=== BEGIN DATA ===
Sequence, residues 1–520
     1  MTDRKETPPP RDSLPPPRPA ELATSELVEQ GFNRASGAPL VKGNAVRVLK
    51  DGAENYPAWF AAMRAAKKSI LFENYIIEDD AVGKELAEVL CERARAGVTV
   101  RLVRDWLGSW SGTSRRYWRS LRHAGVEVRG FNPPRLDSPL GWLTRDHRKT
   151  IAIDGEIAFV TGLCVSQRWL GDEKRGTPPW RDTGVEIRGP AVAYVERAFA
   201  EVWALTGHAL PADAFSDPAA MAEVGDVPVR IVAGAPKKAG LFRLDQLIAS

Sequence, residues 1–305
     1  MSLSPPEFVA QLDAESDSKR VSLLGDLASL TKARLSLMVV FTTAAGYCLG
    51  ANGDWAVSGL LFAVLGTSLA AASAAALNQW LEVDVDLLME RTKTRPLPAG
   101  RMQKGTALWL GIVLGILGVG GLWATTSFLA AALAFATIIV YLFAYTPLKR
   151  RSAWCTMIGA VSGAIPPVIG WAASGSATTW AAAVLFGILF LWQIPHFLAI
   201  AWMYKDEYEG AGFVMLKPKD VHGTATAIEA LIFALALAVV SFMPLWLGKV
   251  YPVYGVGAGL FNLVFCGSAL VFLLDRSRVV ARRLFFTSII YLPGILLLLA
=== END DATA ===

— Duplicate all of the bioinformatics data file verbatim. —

Sequence, residues 1–520
     1  MTDRKETPPP RDSLPPPRPA ELATSELVEQ GFNRASGAPL VKGNAVRVLK
    51  DGAENYPAWF AAMRAAKKSI LFENYIIEDD AVGKELAEVL CERARAGVTV
   101  RLVRDWLGSW SGTSRRYWRS LRHAGVEVRG FNPPRLDSPL GWLTRDHRKT
   151  IAIDGEIAFV TGLCVSQRWL GDEKRGTPPW RDTGVEIRGP AVAYVERAFA
   201  EVWALTGHAL PADAFSDPAA MAEVGDVPVR IVAGAPKKAG LFRLDQLIAS

Sequence, residues 1–305
     1  MSLSPPEFVA QLDAESDSKR VSLLGDLASL TKARLSLMVV FTTAAGYCLG
    51  ANGDWAVSGL LFAVLGTSLA AASAAALNQW LEVDVDLLME RTKTRPLPAG
   101  RMQKGTALWL GIVLGILGVG GLWATTSFLA AALAFATIIV YLFAYTPLKR
   151  RSAWCTMIGA VSGAIPPVIG WAASGSATTW AAAVLFGILF LWQIPHFLAI
   201  AWMYKDEYEG AGFVMLKPKD VHGTATAIEA LIFALALAVV SFMPLWLGKV
   251  YPVYGVGAGL FNLVFCGSAL VFLLDRSRVV ARRLFFTSII YLPGILLLLA